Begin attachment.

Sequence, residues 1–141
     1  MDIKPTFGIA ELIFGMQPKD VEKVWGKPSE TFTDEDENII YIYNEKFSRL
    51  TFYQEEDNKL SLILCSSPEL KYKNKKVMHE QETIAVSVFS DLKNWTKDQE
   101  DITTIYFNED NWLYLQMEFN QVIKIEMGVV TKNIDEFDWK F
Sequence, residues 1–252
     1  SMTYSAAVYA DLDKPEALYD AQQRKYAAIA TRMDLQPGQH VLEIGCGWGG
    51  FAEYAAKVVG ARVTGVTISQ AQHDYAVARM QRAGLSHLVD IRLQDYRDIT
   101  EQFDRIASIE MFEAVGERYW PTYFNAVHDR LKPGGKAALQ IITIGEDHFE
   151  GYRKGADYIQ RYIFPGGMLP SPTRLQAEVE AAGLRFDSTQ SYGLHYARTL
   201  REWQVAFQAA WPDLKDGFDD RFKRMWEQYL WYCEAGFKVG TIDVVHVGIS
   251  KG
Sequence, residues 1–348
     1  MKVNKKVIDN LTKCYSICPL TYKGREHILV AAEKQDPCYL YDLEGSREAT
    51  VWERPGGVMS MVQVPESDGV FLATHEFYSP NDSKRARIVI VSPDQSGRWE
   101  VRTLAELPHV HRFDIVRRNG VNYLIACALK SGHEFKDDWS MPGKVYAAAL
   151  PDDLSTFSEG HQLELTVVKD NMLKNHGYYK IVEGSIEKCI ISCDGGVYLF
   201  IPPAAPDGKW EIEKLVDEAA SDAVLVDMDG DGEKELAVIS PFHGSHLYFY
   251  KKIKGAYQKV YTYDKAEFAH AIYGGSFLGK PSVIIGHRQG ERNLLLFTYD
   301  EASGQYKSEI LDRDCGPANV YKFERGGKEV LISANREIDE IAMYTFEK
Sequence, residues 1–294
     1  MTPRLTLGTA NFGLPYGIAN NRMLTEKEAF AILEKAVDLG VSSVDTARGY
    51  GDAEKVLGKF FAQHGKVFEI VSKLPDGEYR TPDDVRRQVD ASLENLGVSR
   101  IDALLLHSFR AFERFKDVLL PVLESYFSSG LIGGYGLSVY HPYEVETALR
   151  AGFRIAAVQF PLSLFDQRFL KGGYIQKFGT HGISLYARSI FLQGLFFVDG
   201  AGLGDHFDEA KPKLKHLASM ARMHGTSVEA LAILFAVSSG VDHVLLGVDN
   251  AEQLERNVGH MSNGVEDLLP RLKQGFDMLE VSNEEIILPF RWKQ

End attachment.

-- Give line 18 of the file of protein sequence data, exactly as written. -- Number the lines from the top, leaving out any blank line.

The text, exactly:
   251  KKIKGAYQKV YTYDKAEFAH AIYGGSFLGK PSVIIGHRQG ERNLLLFTYD